After losing a high-profile bid for a congressional seat from South Carolina in 2018, Republican Katie Arrington took a job with the Department of Defense, where she focused on securing military supply chains, ensuring that thousands of businesses that contract with the federal government implement cybersecurity protocols. .
Arrington’s civil servant job as Chief Information Officer for the Office of Acquisition and Sustainment was in line with what she describes as her lifelong passion for cybersecurity and defense. But as she seeks to revive her political career, Arrington’s time at the Pentagon becomes a central issue in her campaign.
Freshman GOP Rep. Nancy Mace, whom Arrington hopes to defeat in South Carolina’s June 14 primary, asks Arrington to take a polygraph test on why she lost access to classified information. An anti-Arrington website funded by Mace, meanwhile, has sections titled “Leaks Classified Information” and “Busted: Loses Her Security Clearance.”
The dispute is expected to surface in a debate between the two on Monday.
The episode reflects the intensity of one of the most watched GOP congressional primaries this year. Former President Donald Trump, who backed Mace in 2020, backed Arrington’s bid to unseat her, angered by the incumbent’s criticism of her, including her role in instigating the Jan. 6 insurgency 2021 at the US Capitol. The result will be another barometer of Trump’s influence within the GOP as he weighs another potential White House offer.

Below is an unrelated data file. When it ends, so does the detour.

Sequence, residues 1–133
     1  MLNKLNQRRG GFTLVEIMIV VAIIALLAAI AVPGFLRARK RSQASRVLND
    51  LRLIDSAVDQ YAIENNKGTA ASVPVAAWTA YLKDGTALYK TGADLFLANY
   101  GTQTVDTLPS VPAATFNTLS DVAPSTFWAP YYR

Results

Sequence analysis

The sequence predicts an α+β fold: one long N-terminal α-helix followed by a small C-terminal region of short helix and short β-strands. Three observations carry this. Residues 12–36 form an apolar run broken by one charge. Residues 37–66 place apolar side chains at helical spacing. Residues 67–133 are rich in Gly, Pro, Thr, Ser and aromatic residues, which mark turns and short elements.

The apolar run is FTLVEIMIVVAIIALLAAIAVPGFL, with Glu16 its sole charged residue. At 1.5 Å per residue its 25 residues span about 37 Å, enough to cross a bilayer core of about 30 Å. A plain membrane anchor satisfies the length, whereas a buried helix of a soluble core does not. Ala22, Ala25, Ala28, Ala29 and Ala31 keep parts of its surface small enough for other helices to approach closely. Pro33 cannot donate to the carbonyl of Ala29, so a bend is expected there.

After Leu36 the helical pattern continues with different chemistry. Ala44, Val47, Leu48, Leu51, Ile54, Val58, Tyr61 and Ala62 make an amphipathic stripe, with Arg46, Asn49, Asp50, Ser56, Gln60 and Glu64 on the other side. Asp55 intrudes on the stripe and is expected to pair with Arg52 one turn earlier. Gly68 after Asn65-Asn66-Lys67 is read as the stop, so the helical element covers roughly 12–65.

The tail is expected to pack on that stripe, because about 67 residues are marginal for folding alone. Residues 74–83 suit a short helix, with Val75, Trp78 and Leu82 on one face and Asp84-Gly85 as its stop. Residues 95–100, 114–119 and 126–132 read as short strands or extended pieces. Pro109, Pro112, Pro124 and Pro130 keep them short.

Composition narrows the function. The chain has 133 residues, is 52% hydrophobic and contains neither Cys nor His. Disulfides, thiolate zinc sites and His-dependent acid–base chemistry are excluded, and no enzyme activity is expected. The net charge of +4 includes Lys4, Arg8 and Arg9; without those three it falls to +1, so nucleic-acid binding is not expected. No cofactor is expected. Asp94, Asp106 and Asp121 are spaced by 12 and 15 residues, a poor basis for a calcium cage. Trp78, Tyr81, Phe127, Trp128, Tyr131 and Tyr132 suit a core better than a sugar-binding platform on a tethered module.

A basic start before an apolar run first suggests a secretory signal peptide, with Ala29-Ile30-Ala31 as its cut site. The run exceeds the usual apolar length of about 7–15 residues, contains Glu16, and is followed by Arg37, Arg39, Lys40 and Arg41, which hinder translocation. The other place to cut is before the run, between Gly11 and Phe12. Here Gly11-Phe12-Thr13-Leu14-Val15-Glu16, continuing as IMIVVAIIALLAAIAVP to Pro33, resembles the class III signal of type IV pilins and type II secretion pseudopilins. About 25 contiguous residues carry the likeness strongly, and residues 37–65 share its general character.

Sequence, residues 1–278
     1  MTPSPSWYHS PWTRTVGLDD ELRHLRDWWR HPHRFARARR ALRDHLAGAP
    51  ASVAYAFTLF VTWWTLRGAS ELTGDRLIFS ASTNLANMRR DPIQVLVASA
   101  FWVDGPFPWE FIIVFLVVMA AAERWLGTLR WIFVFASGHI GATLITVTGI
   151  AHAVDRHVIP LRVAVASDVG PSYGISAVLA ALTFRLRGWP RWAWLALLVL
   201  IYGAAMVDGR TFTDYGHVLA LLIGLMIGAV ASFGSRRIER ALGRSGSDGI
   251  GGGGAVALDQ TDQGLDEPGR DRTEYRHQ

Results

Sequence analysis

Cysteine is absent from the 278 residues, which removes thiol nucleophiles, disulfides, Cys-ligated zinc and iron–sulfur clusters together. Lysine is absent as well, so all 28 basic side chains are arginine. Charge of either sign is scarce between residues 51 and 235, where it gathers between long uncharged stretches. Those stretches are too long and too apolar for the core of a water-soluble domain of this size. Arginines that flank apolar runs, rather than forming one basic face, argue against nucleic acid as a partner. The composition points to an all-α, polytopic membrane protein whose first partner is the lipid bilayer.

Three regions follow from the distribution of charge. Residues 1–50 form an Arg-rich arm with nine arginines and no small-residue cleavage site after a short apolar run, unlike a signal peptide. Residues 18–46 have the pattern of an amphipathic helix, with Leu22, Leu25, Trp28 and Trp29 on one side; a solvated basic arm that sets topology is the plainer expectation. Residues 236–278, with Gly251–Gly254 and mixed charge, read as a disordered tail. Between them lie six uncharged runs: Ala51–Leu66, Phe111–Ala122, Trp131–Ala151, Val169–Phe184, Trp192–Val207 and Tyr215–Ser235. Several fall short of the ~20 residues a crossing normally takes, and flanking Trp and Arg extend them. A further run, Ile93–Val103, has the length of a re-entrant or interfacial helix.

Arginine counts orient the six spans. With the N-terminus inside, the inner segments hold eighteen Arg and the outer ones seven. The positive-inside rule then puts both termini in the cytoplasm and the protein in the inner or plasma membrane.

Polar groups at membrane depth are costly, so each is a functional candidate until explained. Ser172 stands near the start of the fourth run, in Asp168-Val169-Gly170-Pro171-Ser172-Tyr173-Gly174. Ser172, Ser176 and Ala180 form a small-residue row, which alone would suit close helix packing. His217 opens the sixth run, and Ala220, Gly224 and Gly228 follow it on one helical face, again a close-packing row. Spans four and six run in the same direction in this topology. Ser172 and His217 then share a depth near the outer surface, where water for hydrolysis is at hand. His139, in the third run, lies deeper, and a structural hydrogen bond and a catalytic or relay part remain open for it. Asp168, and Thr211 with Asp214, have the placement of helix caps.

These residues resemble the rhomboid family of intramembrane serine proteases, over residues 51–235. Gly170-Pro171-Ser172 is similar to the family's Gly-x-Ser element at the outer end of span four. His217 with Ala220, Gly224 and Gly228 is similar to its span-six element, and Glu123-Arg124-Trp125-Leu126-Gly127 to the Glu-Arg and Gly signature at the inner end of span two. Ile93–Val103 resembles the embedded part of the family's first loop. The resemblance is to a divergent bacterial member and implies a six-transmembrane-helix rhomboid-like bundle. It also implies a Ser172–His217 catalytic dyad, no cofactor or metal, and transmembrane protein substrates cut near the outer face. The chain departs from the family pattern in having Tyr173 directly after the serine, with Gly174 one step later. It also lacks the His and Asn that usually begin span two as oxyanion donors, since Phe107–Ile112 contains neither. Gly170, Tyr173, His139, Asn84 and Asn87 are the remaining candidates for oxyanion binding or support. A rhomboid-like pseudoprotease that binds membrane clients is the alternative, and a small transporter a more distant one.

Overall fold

Mace’s campaign argued that Arrington’s clearance status is fair game for someone seeking to represent a congressional district with a large military population. But in an interview, Arrington insisted Mace was “lying” about the issue. She is stepping up her efforts to refute the attacks, including providing The Associated Press with a sworn statement from an unnamed intelligence officer who worked with her and said he never worried about her handling of information classified.
Arrington’s security clearance was suspended and she was placed on leave from the Pentagon in May 2021 when officials accused her of improper disclosure of classified information.
Arrington says the incident centered on her communication with a contractor whose name had been revealed in a top-secret briefing she had received – an “unmasking” which she says had already happened around the time the information reached him.
In the interview, she said that during her daily briefing, an intelligence officer relayed information to her related to a possible problem with the contractor. According to Arrington, she and the officer were surprised that the contractor’s name was included in the information, but accepted that a superior made that decision.
Told that the company had already been notified of the issue, Arrington said she followed protocol by first notifying a supervisor before calling the company to see if she could be of assistance – a call that, according to Arrington, sparked the investigation that resulted in his suspension.
The intelligence officer who passed on the information came to support Arrington. In an April 27 affidavit shared with AP, the officer — who is unidentified due to his continued employment as an intelligence informant — wrote that he never had any concerns about the Arrington’s access to classified information.